This fall marks the first season that the football players on the current University of Richmond roster were not members of the national championship team, but the effects of the 2008 win are stronger now than they were five years ago.
Before quarterback Eric Ward led the Spiders to their big win, the football program did not have a great reputation. The future champion almost didn’t join Richmond’s team.
“I think the best word to describe the football team was inconsistent,” Ward said. “I hadn’t really even considered Richmond, but my parents were really big on the academics, so that’s where I ended up.”
When Richmond lost to Appalachian State University in the FCS semifinal in 2007, it became clear that the football culture was going through monumental changes.
Current tight ends coach Bill Polin remembers watching the semifinal game on television before he took a coaching job at Richmond.
“Those guys got a taste, but it was a bad taste of losing that late in the season,” Polin said. “They wanted to do whatever they could to take the next step. That team also faced a lot of adversity because in 2008 there were coaching changes.”
Will Healy, backup quarterback and fifth-year senior captain in 2008, remembers a players-only meeting that took place the day that head coach Dave Clawson left for Tennessee in 2008.
“There was a group of seniors that got up and simply said, ‘We’re going to win a national championship,’ and it was a big deal,” Healy said. “We knew that we had what it would take, and we fully believed.”
That’s when the Richmond football program made the run.
“Coach London came in and was a family-oriented coach, and we continued to strengthen our relationships through all types of adversity,” Healy said. “We had two or three leaders at each position, and we continued to find ways to win games.”
“Even when we won the whole thing, of course it was exciting,” Ward said, “but you don’t really sit back and realize the significance of what we accomplished until years down the line. It’s especially evident now.”
“It takes a lot of hard work and dedication just to win a single game,” Ward said. “More focus and effort than many realize, and to do it for an entire season just means all the effort and hard work intensifies.”
“I think something that really helped us was understanding the difference between being good and great,” Healy said. “We always tried to talk to the freshman and explain that success doesn’t happen easily, and it has a lot to do with spring and summer.”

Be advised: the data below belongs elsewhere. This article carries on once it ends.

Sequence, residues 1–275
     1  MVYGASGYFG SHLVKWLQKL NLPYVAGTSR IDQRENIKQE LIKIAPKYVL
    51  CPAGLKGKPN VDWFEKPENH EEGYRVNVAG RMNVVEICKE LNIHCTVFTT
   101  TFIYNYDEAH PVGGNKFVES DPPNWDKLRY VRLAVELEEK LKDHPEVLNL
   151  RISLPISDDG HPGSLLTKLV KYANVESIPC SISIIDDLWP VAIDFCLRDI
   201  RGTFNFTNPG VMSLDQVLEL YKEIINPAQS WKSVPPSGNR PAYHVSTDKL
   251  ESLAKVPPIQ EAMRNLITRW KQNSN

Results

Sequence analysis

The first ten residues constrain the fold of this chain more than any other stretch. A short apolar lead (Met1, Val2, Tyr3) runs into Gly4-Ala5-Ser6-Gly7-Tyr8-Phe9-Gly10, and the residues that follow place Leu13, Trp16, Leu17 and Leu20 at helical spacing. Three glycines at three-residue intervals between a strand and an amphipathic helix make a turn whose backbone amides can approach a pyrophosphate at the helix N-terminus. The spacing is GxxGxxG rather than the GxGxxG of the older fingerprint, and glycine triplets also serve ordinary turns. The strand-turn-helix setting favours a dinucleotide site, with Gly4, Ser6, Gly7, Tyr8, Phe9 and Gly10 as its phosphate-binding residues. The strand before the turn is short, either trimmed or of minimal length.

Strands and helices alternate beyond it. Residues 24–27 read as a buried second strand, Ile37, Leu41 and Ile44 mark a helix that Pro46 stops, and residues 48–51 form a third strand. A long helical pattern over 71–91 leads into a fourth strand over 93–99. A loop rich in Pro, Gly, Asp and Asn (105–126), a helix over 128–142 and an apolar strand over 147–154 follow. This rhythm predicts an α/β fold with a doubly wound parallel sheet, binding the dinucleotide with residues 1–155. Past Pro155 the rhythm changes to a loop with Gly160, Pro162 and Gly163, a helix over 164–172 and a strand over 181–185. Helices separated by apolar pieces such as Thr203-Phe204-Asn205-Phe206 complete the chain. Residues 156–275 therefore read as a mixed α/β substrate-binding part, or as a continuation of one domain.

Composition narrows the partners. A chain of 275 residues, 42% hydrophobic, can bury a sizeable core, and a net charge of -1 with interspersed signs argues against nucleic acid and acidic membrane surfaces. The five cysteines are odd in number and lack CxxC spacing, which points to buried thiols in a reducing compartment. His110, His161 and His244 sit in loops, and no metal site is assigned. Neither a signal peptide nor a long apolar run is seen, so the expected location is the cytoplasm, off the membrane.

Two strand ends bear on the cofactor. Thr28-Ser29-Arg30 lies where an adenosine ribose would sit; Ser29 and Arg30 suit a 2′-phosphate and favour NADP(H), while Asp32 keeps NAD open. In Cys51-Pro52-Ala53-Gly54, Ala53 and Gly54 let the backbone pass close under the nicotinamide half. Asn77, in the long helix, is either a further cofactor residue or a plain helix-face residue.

Healy and Ward both expressed hope that they left behind an example of how to work hard throughout the year and a football team that is hungry for another winning title.
Junior captain and offensive lineman Austin Gund wasn’t at Richmond for the national championship, but the 2008 season made his decision to come to Richmond an easy one and increased his appetite to win.
“Richmond was the best combo of academics and athletics,” Gund said. “I knew if I came to Richmond, I would be playing in a program with a history of conference and national championships.”
Coach Polin said that the 2008 team changed the culture because they raised the expectations for Richmond football. “Even when Coach Rocco came on board in January 2011, I think that’s something that attracted him to the job was that we had won a national title not too long ago,” Polin said.
“When you look at the best academic schools in the country, whether they’re FBS or FCS,” Polin said, “it’s rare that those schools have really competed for a national championship. Richmond is a special place.”
The Richmond football program may be five years removed from a national championship, but winning is still the priority.
“After the last 3-8 season we knew we had to get back to a culture of winning,” Gund said. “And one of the first things Coach Rocco did when he got here was to help us focus on winning the day.”
“Winning the day might mean getting up and going to class and getting a good grade on a test, and then going to practice and having a good practice,” Gund said. “Of course the national championship is still in the back of our minds, but after the way last season finished, we have something to prove.”
Richmond concluded the 2012 season by winning a share of the conference title, along with three other teams in the Colonial Athletic Association, but was left out of the playoffs.
“What I’ve seen from this year’s team,” Polin said, “is that they are really focused on their business and what is coming up.”
“We have a chip on our shoulder,” Gund said. “We are out to prove that we are the best and take back the respect that we deserve.”
Contact Reporter Lauren Shute at firstname.lastname@example.org